Matt Forney
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The Basketball Diaries by Jim Carroll

This is the classic addiction memoir, a nice antidote to the James Freys and Nikki Sixxs pushing bathetic, crypto-Christian lies about the “evils” of drugs. An edited collection of the diaries Jim Carroll kept when he was a teenager, they detail his life growing up in mid-60’s New York City, shooting heroin, snatching purses and selling his ass to gay guys for drug money. Carroll is anchored by his skills at playing basketball, as an athletic scholarship lifts him out of the slums and into a posh private school, where he continues his hustling and smack-injecting ways:

So I buzz across 42nd to Grant’s for a birchbeer and then just roam around for a good movie. I get to this empty part of 45th St. and near the side door of some theater is this great chick about thirty years old or so, but really foxy. She gives me the hook and I stroll over and see what’s happening. She’s heavy made-up and all but she doesn’t come on like a hustler; she suggests she join me at the movies and then we go over to her place. “I got grass, sweetie, you like grass.” Sure I dig it, and we find a movie, of all things, Born Free. What nonsense, but this chick has led me up into thin air in the balcony and there isn’t another person in the whole section. “This is why I picked this flick,” she says, “privacy.” And with that she lays her hand right across my cock and squeezes. I dig the balcony nooky so I sock my tongue into her mouth and get it on. Everything is humming nice when I reach on up her leg and work my way to her thing when, holy shit, I feel it and realize this freak HAS A COCK. I though I would freak out on the spot so I jump up and make a mad dash down the stairs and take five about six blocks away from the crazy theater, still shaking…

Carroll’s prose style is relentlessly frank and fast, spilling every detail of his hustles, highs and bangs in delicious detail. However, his rapid fire, Kerouac-esque method of writing in huge multi-page paragraphs got on my nerves after a while. Like Kerouac’s On the RoadThe Basketball Diaries is intended to be read while you’re still young and searching for a philosophical pier to anchor your boat to. When I first read it as a teenager, I blew through it in a couple of days, thanks to hilarious observations like this:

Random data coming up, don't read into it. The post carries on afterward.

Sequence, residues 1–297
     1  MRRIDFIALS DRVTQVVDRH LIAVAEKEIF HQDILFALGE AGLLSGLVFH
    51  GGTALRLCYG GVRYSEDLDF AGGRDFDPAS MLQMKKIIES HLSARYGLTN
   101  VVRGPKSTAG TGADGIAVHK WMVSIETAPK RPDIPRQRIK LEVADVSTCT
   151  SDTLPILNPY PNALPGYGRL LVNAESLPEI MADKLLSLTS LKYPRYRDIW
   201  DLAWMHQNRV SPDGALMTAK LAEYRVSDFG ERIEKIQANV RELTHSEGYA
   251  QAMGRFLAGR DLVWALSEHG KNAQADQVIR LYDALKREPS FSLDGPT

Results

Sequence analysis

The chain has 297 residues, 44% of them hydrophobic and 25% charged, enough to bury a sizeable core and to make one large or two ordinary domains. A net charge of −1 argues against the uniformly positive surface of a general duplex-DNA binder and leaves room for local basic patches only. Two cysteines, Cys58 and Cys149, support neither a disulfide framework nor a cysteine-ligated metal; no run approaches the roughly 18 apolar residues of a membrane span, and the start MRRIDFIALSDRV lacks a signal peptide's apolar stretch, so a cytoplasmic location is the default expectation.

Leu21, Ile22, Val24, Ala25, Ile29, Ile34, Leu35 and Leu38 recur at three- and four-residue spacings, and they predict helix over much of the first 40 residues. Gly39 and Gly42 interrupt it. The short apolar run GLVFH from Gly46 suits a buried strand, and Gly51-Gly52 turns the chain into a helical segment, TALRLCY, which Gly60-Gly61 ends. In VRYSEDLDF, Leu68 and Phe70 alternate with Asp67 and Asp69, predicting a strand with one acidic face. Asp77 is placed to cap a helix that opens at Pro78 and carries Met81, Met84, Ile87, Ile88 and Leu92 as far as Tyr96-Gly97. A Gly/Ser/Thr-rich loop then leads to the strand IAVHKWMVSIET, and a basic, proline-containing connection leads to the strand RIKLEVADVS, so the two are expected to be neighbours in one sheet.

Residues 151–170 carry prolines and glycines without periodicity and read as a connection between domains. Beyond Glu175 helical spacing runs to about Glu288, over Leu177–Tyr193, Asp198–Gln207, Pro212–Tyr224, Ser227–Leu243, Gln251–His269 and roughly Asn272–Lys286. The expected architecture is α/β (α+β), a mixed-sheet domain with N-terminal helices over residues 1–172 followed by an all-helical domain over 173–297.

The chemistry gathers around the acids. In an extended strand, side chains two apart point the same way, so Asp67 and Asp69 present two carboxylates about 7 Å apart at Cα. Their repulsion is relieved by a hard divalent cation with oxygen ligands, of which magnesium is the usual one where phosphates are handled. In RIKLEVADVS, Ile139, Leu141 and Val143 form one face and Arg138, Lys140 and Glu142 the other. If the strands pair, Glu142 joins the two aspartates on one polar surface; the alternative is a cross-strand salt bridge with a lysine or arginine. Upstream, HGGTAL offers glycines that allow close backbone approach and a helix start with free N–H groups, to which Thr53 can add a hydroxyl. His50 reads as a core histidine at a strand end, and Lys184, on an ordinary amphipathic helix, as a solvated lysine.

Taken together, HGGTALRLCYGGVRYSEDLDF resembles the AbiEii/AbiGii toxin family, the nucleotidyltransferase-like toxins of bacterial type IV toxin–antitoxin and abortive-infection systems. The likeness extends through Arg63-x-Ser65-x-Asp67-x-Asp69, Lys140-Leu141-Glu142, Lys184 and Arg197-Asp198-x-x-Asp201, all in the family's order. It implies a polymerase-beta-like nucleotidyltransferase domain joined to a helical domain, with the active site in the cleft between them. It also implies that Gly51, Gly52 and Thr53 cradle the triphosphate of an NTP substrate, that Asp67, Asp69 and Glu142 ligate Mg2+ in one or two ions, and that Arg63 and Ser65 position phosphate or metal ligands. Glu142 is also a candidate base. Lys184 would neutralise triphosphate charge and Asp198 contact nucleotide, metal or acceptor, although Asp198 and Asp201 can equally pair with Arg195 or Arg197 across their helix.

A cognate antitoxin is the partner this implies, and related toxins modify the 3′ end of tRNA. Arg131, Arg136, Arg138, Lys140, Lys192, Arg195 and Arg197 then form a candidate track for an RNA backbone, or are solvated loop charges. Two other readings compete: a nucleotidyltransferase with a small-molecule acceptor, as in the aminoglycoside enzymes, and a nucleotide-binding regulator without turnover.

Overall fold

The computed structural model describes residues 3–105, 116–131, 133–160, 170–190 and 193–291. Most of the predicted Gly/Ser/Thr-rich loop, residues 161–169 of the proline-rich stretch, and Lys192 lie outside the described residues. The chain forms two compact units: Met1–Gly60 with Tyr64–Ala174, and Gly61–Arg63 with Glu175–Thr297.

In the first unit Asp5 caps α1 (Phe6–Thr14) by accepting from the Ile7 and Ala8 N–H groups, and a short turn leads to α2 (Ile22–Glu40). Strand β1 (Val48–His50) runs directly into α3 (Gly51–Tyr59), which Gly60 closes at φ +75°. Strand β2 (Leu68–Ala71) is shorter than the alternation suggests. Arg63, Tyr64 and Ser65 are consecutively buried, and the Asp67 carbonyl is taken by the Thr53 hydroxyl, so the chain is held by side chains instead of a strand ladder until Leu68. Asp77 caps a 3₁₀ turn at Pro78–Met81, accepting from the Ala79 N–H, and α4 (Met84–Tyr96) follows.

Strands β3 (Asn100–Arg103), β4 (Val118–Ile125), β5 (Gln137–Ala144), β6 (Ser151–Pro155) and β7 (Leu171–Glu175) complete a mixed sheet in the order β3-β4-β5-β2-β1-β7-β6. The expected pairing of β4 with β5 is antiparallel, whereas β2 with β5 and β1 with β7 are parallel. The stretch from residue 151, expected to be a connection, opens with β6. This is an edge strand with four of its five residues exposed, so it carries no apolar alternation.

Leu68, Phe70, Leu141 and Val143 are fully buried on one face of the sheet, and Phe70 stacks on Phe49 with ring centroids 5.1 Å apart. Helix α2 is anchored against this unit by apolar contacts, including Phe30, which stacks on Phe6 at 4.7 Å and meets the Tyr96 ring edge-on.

Today at school we had our annual Thanksgiving fast for the benefit of the poor and hungry blacks we hear of scattered throughout the South. Anyone who sympathizes with the injustice of poverty in the South does not eat his meal as a symbol of this injustice. I’m sure it interests a starving black in Mississippi that I am not eating my lunch today. Frankly, I was too embarrassed to be the only cat in the school to eat his meal so I snuck down to the corner and copped a cheeseburger. Symbolic gestures are certainly self-satisfying but they are not too nourishing for anyone anywhere. Somebody is conning everyone else and themselves with plain dumb ideas as performed here today. What happens to the food they prepared today? All that turkey and mashed potatoes would probably seem pretty dried out if we shipped it down South, even by air mail. It would have been interesting to point out that there are a lot of hungry dudes walking down Columbus Ave. that could have dug a free meal. But some of them might be drug addicts and shit and they’d no doubt make a big mess of the lunch room that all the black cleaning women would have a hard time cleaning up. I suggest that tomorrow somebody symbolically stick a stale drumstick of today’s lunch up the ass of whoever was humane enough to organize this farce.

Additionally, the book doesn’t really end, but trails off into nothingness as Carroll spirals into robbing people at knifepoint to pay for his heroin addiction.

Even with these flaws, though, The Basketball Diaries is a classic of American literature for a reason. If you’re looking for an honest and gritty memoir of teenage alienation and struggle, check this one out.

Click here to buy The Basketball Diaries.

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